3. Installation: To ensure that the pitch is positioned accurately and gets fixed in a proper place, the drop-in-pitches are transported to a fixed venue and installed in a specific spot on the field.
  4. Maintenance: Once the pitch is installed, it requires frequent maintenance to ensure its good condition. It involves watering, cutting down excess grass, rolling, and pitch repairs when required.
  5. Testing: To meet the essential standard, the pitch requires testing on various aspects such as bounce, roll, and other evaluations to check its quality and suitability for playing.

Why Drop-in-Pitches are Used?

Mainly,  drop-in-pitches are used at stadiums that host several sports other than cricket which include rugby, football, hockey, and several others. Also, multiple stadiums in Australia and New Zealand host a variety of sports at a common venue.

The drop-in-pitches are used only during the cricketing seasons, and once the tournament is concluded, the pitches are transported to a separate location where they are safely stored and used for the next match. Furthermore, the artificial turf is rolled over the ground to make it look like a uniform circle of grass.

The games between cricket and football can be swapped at the same venue since the pitches can be transported using a holding tray, they are maintained and prepared in a nursery site or a greenhouse without any further usage. Also, the wickets are moved safely with the machine to diminish the damage to the outfield.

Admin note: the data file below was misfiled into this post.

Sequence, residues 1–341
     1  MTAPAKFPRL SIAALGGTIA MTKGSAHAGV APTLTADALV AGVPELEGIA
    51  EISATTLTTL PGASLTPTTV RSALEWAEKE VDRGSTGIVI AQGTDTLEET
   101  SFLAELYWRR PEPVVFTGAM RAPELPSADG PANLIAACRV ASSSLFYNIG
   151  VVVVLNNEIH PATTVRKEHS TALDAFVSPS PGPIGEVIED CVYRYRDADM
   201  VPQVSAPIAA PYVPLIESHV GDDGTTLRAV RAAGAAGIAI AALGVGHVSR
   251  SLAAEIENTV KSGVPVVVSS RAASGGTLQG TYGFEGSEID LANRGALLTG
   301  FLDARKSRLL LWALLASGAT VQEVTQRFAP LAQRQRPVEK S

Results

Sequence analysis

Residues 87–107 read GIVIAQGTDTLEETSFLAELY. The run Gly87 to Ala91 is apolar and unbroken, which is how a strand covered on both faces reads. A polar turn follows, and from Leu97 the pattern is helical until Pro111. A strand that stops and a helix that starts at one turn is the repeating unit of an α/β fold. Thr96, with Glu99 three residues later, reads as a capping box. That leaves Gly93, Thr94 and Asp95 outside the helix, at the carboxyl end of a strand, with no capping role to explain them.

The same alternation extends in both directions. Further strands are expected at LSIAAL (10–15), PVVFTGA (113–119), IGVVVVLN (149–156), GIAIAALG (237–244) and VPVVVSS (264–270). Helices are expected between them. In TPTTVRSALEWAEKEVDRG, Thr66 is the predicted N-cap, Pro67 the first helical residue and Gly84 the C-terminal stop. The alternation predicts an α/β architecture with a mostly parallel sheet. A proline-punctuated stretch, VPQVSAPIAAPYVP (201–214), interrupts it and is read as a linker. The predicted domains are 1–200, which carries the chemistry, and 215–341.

Pros and Cons of Drop-in Pitches


  • Easy transition for different types of events, thereby reducing the downtime and making the event more commercially viable.
  • Simple maintenance and reduces wear and tear.
  • Fewer cracks and deterioration compared to standard pitches.
  • Once the cricket season is complete, these pitches can be pulled by the same machines, with a slight rolling on the grass to make the surface look even.


  • Excessive flat-nature pitches can cause issues with bounce and pace variations.
  • Difficult to adapt to the challenges posed by drop-in-pitches that vary from the traditional pitches.
  • Expensive costs and complex logistics.
  • Players cannot experience the natural essence of playing cricket.
  • Supports batsmen rather than bowlers, thereby making the contest completely one-sided.


Cricket has seen a huge transformation in the 21st century to add a special layer of entertainment for all fans, thereby making it more market-friendly and environmentally sustainable. As a result, drop-in-pitches have been one such innovation that has been used in different parts of the world.

Overall, to provide a high-quality playing surface on the drop-in-pitches, it is essential to have strategic planning, coordination, and supervision. Most importantly, a curator should have an in-depth understanding of the nature of the pitch and to achieve the desired output, the calculation to have a combination of soil, grass, and clay should be accurate.